Examining this powerful passage the vision of a brave new world, consciously an improvement in its spirit of tolerance of the old society Jinnah has rejected.
“You are free – You are free to go to your temples, you are free to go to your temples, you are free to go to your mosques or to any other place of worship in this State of Pakistan. You may belong to any religion or caste or creed – that has nothing to do with the business of the state… We are starting in the days when there is no discrimination, no distinction between one community and another, no discrimination between one caste and creed. We are starting with this fundamental principle that we are all citizens and equal of one state.
“Now if we want to make this great state of Pakistan happy and prosperous we should wholly and solely concentrate on the well being of the people and especially of the masses and the poor. If you will work in co-operation, forgetting the past, burying the hatchet, you are bound to succeed.”
Jinnah had regularly reminded his Muslim audiences of the ideal of Islam.
“Our own history and our Prophet have given the clearest proof that non-Muslims have been treated not only justly and fairly but generously.”
Jinnah was confident of the future if Pakistanis could follow these ideals. He also envisioned Pakistan and India living as good neighbours, supplementing and supporting each other. He even proposed a joint defence system that would seem outrageous to most Pakistanis and Indians today. On the death of Mahatma Gandhi on the 30 January 1948, he issued a statement in which he described the slain leader as ‘great’ three times.
The Jinnah model is both vital and relevant for Pakistan. Unfortunately in the country’s tribal, class and establishment dominated society has never allowed never allowed justice, democracy and the rule of law to make a deep impression. The repeated acts of violence by the Taliban and others on those whom they as the enemies of Islam and the violation of the constitution by consecutive dictators and rulers of Pakistan, have convinced many that Jinnah’s model is irrelevant. In a time, the people o Pakistan, with humour and irony, began to comment on the widespread corruption by saying that only Jinnah could solve the country’s problems, by which they meant the official currency notes that carry his portrait.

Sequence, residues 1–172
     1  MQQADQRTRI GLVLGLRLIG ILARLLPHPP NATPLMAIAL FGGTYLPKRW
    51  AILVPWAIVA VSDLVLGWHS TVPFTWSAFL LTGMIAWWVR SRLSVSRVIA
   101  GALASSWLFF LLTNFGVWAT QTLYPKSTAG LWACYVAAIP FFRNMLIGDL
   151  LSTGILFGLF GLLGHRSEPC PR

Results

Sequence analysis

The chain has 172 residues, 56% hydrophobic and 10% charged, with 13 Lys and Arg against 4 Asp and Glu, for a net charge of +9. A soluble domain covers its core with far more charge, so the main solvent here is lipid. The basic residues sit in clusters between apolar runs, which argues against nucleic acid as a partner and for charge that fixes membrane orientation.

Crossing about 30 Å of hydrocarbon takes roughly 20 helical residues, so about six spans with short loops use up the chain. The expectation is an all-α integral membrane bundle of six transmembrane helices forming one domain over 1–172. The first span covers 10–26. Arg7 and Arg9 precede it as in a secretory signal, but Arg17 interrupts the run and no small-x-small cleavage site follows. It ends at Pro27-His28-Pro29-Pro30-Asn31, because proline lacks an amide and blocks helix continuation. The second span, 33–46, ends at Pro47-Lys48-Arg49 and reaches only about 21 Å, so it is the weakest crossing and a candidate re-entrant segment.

Jinnah’s message is enshrined in the notion of Pakistan itself, a pluralist, inclusive and progressive democratic state. A state where every citizen would be equal and there would be no distinction on the basis of faith, caste or creed.
Jinnah was a ‘great leader’ an ardent champion for the downtrodden and one of those rare men who actually create history.
Mohammed Ali Jinnah’s vision of Pakistan was that of a pluralist, inclusive and progressive democratic state. A state where every citizen would be equal and there would be no distinction on the basis of faith, caste or creed. We speak of Jinnah and forget the role of his sister Mohtarma Fatima Jinnah, the mother of our great nation. In her campaign to oust dictator Ayub Khan showed us a glimpse of how our society perceived women (not much has changed). Ayub Khan knew that being up against a woman albeit one of esteemed stature, he would do well to galvanise heavy support in rural areas, where many Muslim electors disapproved of a woman’s candidacy. He went on to accuse Fatima Jinnah of being pro-Indian and pro-American. Our beloved mother Fatima Jinnah may have lost at the ballot box but left an everlasting beacon for our nation for the ability of our women.
Jinnah said: “No nation can rise to the height of glory unless your women are side by side with you”, which can only be done by empowering women. This is something that was exemplified by the struggle of the two Jinnah’s and the quest for Pakistan.
The author is the Ibn Khaldun Chair of Islamic Studies at American University in Washington, D.C., and the former Pakistani High Commissioner to the United Kingdom. This article is from 2009.